Editor's note: The following post is a human interest release from Jodie Daniels, assistant executive director of Chestnut Knoll.
BOYERTOWN, Pa., Aug. 14, 2012 – Don't be afraid to ask questions, Dene Liott said. And she knows the value of that advice.
Liott, who proudly admits she's 85½ years old, said she felt “a different type of fatigue” on May 27 and went to the Pottstown Memorial Medical Center (PMMC) emergency room. Upon arrival at the registration desk, she collapsed.
A medical diagnosis determined Liott suffered a stroke. The condition affected her left side and left her with a balance problem. After various tests including magnetic resonance imaging, she was taken for rehabilitation to Healthsouth in Reading.
"I went in on a gurney and came out with a walker," she said and smiled. “I can’t thank the staff at PMMC and Healthsouth enough for taking care of me. The therapists at Healthsouth really worked me hard and I thank them for it.”
The stroke opened Liott’s eyes to things that can happen every day to people. “It was such a blow to me—to find myself completely vulnerable," she said.
She recalled, a few days before the stroke, an ache on both sides of her jaw and in both of her arms. She said she never thought twice about the aches, but now believes they might have been signs. Liott said she hopes her experience can help others catch a stroke early.
She went home, where her daughter Donna Towers and partner Harry DeLorenzo took care of her, and she became an outpatient at Healthsouth in Pottstown. Soon after, Liott, founder, producer and host of the “Dene’s What’s Happening Live Show” that airs live at noon on Thursdays from PCTV, was back at work in the television studio.
“You have to ask questions if you want to understand what doctors are doing and why they’re doing it,” she said of being a patient. “Ask why something hurts. What will certain exercises do? Where was the blood clot? These are important questions you have to ask and you shouldn’t be afraid to do so.”
Liott seems a natural when it comes to understanding medical care, but she learned the hard way. She was an in-home caregiver for 15 years for two of her family members, including her mother who suffered from Alzheimer’s Disease, before she became involved in community service efforts.
Recently, she received the Sally Lee Community Service Award from the United Way of Southeastern Pennsylvania because of her volunteer work for the Pennsylvania Department Of Aging, Montgomery County Aging and Adults Services, Parkhouse Advisory Council and advocacy work for in-home care giving and aging issues. She was set to accept the honor when the stroke's aftermath threatened her plans.
That's when Chestnut Knoll Residential Care stepped in.
The community’s assistant executive director, Jodie Daniels, offered the Chestnut Knoll bus to transport Liott and her guests to the awards event on June 13 during the organization's Champions for Impact Awards Celebration in Philadelphia.
“The accommodations Chestnut Knoll gave were outstanding and the people that were with me are the kind of people you need in your life. I never knew I had so many people that cared about me,” said Liott. “Immediately upon learning about my stroke, Jodie Daniels visited me. Knowing that I was to receive the United Way award, she wanted to offer the services of the Chestnut Knoll van and take those that were accompanying me to the event.”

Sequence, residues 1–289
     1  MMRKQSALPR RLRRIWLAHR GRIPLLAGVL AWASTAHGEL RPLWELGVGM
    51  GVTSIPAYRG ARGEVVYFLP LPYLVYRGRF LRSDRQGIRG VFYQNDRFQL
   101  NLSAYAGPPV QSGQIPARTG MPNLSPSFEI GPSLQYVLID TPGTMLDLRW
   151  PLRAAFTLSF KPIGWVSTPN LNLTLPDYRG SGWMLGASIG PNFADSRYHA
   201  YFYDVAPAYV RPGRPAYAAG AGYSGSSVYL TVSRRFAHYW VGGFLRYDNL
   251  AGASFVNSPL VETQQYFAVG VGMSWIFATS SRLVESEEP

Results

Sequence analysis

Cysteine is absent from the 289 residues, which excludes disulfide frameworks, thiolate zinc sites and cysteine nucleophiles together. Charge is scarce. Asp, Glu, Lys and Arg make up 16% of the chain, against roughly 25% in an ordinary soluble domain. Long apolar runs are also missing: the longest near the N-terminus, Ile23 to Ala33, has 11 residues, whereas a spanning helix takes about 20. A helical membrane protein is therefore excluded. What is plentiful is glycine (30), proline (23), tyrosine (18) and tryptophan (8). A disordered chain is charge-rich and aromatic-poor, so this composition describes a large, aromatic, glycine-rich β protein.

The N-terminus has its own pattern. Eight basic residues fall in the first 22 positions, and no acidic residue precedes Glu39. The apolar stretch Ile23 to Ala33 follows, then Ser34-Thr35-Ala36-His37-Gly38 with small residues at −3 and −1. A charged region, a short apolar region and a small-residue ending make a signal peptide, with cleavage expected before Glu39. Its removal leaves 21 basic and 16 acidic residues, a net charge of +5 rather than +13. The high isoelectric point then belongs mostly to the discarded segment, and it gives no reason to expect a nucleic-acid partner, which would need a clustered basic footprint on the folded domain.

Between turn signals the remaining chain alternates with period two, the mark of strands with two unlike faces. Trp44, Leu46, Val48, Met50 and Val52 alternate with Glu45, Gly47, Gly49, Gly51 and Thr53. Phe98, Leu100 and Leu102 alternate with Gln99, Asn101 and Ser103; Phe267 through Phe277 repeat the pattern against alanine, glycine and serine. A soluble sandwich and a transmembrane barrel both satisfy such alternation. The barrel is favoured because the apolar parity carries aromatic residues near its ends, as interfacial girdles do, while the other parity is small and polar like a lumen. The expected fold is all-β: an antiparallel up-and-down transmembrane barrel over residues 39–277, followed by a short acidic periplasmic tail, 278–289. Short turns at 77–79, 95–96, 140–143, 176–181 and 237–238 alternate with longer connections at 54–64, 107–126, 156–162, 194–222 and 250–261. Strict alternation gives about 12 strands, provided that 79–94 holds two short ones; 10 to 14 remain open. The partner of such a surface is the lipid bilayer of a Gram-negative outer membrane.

Liott's guests included Montgomery County Aging and Adult Services Executive Director Joanne Kline; Montgomery County Aging and Adult Services Advisory Council Chairwoman and prior PA Secretary of Aging Alma Jacobs; Pottstown Office MCAAS Supervisor Celeste Faux; PCTV Videographer Olivia Protheroe; Pastor for Caring Hospice Services Barry Moyer and his wife Kass; Liott’s daughter Donna, partner Harry, and Jodie Daniels.
Liott walked to the stage with her walker and stood to accept the award. She said, “I recently had a little bump in the road, but I am doing better.” She ended her presentation with, “You and I together every day for United Way.”
Daniels also invited Liott to Fox Rehab, a new program at Chestnut Knoll led by exercise physiologist Nick Banar, “who has a passion for keeping the residents physically fit,” Liott said.
“Chestnut Knoll offers such great programs,” said Liott. “So many people my age have nowhere to turn and are afraid to ask questions, but that’s where Chestnut Knoll can help. They provide a secure neighborhood for memory care and there are rehab and pain management services, along with many other services and events to get the residents and community involved.”
Today, Liott, a longtime volunteer and member of various community service boards and committees, continues to work as an advocate for the elderly. She said her goal is “to educate the aging population about the support offered by agencies and organizations in the community, such as Chestnut Knoll.”
Liott said her experiences, achievements, and overcoming the stroke are a testament to the cyclic rewards of helping others.
“We all need to remember, without love and compassion, humanity cannot survive,” Liott said. “I’ve been very, very fortunate. This is a gift. There is hope and I’m going to keep marching forward.”
For more about Dene Liott: To watch live streams of “Dene’s What’s Happening Shows” or for previous episodes and information, visit www.thepctvnetwork.com.